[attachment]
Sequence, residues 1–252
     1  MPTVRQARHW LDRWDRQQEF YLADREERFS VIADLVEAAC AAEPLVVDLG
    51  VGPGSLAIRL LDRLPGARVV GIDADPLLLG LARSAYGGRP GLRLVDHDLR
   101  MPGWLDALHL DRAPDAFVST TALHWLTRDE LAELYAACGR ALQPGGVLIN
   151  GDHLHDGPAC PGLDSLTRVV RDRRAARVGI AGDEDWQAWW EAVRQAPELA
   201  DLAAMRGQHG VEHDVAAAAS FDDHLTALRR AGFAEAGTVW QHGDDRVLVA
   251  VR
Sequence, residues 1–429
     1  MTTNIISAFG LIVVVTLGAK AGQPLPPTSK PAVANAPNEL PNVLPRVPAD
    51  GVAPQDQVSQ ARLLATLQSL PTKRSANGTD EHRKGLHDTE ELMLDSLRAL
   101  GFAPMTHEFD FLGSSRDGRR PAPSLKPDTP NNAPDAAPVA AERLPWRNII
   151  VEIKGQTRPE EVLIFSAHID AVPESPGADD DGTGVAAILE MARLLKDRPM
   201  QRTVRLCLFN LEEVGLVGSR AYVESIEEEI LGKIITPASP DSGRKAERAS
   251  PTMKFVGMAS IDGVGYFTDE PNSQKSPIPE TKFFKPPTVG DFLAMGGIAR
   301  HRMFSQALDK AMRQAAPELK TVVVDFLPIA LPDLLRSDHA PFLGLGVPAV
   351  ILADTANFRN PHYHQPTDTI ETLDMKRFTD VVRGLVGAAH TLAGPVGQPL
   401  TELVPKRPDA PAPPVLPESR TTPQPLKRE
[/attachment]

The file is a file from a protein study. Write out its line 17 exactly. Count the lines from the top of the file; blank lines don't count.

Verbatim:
   401  TELVPKRPDA PAPPVLPESR TTPQPLKRE